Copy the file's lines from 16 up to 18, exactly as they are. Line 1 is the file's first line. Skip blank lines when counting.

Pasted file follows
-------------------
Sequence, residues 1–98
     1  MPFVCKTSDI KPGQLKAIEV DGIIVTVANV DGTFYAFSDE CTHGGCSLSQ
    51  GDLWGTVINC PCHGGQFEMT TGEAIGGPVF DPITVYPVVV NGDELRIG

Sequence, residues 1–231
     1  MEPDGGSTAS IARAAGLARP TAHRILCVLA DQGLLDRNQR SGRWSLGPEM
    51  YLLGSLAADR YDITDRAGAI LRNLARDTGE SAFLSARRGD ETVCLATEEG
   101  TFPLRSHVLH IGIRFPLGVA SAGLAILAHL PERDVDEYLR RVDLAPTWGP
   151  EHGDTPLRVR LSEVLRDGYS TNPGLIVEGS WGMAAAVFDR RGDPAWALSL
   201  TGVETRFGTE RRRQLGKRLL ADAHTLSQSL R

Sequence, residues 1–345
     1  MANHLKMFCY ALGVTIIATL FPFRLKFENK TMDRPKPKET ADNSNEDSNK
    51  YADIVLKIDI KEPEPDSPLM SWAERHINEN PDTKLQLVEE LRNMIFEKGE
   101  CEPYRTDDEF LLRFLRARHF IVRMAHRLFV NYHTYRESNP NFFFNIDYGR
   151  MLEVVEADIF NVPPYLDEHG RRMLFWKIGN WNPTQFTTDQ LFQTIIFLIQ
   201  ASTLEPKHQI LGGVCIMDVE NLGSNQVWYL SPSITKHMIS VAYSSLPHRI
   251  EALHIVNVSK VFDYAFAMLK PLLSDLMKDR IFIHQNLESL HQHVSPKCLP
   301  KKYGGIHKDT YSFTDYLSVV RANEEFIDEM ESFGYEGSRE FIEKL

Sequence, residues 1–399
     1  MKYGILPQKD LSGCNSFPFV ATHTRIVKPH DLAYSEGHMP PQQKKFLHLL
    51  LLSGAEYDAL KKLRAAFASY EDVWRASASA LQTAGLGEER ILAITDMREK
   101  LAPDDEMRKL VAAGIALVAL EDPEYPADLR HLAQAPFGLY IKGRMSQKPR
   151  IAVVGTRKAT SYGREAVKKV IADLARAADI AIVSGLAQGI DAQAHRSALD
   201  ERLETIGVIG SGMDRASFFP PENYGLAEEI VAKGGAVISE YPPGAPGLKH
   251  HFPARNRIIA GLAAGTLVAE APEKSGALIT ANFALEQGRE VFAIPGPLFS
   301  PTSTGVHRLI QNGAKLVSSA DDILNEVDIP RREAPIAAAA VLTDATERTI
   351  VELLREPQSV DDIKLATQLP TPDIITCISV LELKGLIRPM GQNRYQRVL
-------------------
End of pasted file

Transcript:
   251  EALHIVNVSK VFDYAFAMLK PLLSDLMKDR IFIHQNLESL HQHVSPKCLP
   301  KKYGGIHKDT YSFTDYLSVV RANEEFIDEM ESFGYEGSRE FIEKL

Sequence, residues 1–399